Key events of 2013 for the third sector

Russian Federation 27 December 2013

 

Some events seen by ASI as being amongst the most important of 2013 for the third sector

 

These are set out below. They are not listed in perceived order of importance. ASI’s choice was based its ‘feel’, the views of associates and the volume of information and commentary emanating from civil society when the events occurred.

Foreign Agents Law:

This law came into force in 2012 but its actual impact became evident only in 2013, when the most gloomy predictions of the specialists at bill stage were borne out.

The year began not at all badly when the minister of justice, Konovalov, characterised the law as conflicting with the spirit of Russian legislation and being virtually  impossible to implement, and civil rights defenders, having made an application to the European Court of Human Rights, held a lively discussion on the issue of whether the law could be implemented in principle. This was only a few days before Vladimir Putin, in the course of his memorable speech at the Federal Security Service College, said that the law must be implemented.

Mr Putin disclosed a programme of:

‘Inspections by the public prosecutor’s office, the revenue, the ministry of justice, the federal security service, and the fire and sanitary services – warning – court’, with which scores of NGOs in different regions of Russia have lived and continue to live for a whole year.

The conduct of the inspections has defied all attempts to find a sensible rationale. The search for ‘agents’ has encompassed organisations working towards a whole variety of different aims, including those that it would never have entered into anyone’s head to suspect of engaging in political activity. Some outstanding examples are the Yuri Levada Analytical Centre, the Muravevsky Park for Sustainable Use of Natural Resources, and Help for Cystic Fibrosis Sufferers near Moscow. Some trends were discernible, like the harsher nature of the inspections in South Russia compared with other regions. The course that would be taken by court proceedings involving NGOs that did not accept being labelled as ‘foreign agents’ was also unpredictable. In some cases the court adopted an interpretation of ‘political activity’, proposed by the prosecutor, which was stretched to an absurd degree. Other courts categorically did not. A civil rights defender, Igor Archive, commenting on the refusal of a court to fine the Perm civil chamber and the GRANI Centre (Centre for Civil Analysis and Independent Research) for refusal to register as a ‘foreign agent’, said these were simply lucky, including in the judge that they had.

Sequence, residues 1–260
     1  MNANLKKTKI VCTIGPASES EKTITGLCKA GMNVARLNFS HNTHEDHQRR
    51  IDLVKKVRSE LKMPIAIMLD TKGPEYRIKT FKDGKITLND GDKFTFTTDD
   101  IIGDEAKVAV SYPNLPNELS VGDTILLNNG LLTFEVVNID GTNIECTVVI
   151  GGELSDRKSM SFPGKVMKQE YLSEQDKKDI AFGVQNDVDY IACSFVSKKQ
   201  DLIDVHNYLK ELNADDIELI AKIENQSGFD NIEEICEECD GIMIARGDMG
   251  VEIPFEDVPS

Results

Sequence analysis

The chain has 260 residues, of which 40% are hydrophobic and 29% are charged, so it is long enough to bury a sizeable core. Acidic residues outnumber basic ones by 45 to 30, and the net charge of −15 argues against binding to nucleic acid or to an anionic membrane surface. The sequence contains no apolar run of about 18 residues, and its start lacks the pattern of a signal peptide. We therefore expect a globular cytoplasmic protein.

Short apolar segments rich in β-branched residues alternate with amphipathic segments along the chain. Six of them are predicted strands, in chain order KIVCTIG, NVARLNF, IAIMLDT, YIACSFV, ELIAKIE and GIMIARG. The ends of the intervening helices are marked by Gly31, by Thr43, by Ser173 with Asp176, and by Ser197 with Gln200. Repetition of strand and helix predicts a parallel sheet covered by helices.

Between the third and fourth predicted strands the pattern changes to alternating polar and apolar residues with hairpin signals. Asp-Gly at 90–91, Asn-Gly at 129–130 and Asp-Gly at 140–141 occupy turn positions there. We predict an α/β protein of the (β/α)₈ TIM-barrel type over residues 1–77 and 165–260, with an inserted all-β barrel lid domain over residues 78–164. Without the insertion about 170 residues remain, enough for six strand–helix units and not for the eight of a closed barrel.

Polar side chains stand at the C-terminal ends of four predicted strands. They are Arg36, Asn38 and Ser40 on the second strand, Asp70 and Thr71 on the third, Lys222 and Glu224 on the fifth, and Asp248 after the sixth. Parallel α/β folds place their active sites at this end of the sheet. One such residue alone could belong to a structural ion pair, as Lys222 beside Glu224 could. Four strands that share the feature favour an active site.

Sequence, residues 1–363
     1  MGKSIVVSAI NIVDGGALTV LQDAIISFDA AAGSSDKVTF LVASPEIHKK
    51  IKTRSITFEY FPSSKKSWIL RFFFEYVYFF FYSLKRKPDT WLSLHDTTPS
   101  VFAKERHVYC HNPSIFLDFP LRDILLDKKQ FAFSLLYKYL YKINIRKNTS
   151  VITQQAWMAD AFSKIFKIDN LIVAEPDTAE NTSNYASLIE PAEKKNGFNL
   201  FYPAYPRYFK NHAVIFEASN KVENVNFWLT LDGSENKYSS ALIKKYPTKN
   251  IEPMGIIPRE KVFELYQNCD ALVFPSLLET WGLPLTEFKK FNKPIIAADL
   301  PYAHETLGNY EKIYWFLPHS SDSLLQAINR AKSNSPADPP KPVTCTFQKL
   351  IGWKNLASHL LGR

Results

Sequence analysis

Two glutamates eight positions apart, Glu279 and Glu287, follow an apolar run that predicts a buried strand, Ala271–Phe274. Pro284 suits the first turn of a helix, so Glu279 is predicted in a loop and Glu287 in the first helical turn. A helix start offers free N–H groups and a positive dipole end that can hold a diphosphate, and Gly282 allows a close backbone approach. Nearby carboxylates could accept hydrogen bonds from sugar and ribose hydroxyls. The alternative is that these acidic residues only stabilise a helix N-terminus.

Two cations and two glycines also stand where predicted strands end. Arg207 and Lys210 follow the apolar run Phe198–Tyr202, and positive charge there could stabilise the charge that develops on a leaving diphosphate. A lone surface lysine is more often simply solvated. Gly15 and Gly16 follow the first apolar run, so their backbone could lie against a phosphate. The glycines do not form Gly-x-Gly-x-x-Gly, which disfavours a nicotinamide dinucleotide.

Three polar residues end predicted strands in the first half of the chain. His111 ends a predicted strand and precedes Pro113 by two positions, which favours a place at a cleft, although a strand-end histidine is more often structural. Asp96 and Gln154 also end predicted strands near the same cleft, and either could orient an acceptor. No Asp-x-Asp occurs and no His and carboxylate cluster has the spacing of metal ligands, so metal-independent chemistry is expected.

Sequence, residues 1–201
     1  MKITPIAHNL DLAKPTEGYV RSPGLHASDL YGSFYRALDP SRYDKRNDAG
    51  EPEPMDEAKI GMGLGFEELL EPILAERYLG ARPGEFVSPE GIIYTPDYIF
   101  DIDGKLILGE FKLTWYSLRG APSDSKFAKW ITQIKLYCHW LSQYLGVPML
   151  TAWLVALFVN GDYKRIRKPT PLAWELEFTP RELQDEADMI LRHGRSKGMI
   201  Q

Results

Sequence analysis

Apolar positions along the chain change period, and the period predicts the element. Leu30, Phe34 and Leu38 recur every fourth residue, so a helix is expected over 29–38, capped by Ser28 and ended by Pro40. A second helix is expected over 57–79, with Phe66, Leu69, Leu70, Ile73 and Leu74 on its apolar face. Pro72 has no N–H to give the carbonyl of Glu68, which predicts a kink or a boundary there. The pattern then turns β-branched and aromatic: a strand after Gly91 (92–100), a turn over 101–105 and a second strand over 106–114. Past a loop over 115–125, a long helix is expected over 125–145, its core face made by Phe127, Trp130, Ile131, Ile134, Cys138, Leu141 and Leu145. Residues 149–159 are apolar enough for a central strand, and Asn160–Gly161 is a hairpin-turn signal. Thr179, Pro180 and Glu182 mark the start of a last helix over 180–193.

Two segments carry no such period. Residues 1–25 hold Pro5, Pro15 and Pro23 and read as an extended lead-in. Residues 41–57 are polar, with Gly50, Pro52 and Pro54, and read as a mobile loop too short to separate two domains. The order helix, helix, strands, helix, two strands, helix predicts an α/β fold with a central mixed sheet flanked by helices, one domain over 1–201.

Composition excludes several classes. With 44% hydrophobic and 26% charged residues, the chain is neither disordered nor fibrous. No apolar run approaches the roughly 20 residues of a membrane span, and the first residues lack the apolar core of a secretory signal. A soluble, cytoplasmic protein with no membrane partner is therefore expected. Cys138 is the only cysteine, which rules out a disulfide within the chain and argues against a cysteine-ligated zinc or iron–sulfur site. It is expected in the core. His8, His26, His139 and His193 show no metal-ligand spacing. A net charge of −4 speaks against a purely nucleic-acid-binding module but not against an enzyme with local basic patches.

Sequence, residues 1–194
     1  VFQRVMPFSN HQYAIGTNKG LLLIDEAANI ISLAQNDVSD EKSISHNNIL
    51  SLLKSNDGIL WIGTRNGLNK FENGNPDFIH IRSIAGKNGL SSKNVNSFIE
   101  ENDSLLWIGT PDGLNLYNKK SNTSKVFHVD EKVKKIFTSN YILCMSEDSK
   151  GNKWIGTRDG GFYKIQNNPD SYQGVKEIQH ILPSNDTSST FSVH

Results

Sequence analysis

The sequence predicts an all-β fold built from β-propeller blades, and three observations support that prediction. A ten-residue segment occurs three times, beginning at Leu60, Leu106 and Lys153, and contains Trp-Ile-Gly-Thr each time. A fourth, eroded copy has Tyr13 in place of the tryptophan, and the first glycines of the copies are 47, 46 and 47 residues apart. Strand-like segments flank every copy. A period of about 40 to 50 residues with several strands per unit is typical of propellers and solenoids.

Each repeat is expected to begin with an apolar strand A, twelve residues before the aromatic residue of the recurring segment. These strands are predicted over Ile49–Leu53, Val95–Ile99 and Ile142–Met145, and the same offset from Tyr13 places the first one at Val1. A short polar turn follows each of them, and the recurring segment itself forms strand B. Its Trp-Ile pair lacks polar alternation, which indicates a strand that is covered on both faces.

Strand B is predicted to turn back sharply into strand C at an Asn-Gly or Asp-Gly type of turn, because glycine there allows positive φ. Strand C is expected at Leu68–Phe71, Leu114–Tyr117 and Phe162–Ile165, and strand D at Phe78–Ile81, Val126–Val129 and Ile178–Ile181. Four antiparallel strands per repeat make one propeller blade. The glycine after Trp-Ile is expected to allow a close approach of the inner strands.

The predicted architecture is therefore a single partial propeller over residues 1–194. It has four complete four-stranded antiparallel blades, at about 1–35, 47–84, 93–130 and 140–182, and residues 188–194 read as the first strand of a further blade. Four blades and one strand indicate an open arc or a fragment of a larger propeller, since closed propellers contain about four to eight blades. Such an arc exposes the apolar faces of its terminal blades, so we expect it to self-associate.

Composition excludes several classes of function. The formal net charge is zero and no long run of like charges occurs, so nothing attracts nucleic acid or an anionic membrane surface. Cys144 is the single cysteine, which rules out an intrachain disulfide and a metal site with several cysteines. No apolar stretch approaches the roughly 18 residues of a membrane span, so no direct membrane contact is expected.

It is interesting that these haphazard decisions often contrast with political announcements made in the background. Thus the Moscow City Court found that Transparency International’s activities in combating corruption amounted to political activity, on the very day when Putin, speaking in Novo-Ogarevo, was saying that civil rights activity did not amount to political activity. Although towards the end of the year the official position on the question of NGOs that receive foreign money had somewhat softened, the prospects of the law being repealed were minimal, whilst hopes were entertained for an improvement in the situation mainly in regard to the adoption of a more or less acceptable formulation of the term ‘political activity’.